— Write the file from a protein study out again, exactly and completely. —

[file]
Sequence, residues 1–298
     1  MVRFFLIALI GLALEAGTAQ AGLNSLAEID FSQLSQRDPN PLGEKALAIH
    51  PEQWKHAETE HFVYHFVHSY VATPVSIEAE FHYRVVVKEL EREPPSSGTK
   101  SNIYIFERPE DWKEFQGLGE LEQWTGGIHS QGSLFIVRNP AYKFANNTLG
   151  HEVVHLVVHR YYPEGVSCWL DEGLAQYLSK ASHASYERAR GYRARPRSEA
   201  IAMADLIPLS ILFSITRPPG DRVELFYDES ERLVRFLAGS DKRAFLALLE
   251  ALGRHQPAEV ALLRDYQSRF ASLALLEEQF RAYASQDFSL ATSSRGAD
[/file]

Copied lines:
Sequence, residues 1–298
     1  MVRFFLIALI GLALEAGTAQ AGLNSLAEID FSQLSQRDPN PLGEKALAIH
    51  PEQWKHAETE HFVYHFVHSY VATPVSIEAE FHYRVVVKEL EREPPSSGTK
   101  SNIYIFERPE DWKEFQGLGE LEQWTGGIHS QGSLFIVRNP AYKFANNTLG
   151  HEVVHLVVHR YYPEGVSCWL DEGLAQYLSK ASHASYERAR GYRARPRSEA
   201  IAMADLIPLS ILFSITRPPG DRVELFYDES ERLVRFLAGS DKRAFLALLE
   251  ALGRHQPAEV ALLRDYQSRF ASLALLEEQF RAYASQDFSL ATSSRGAD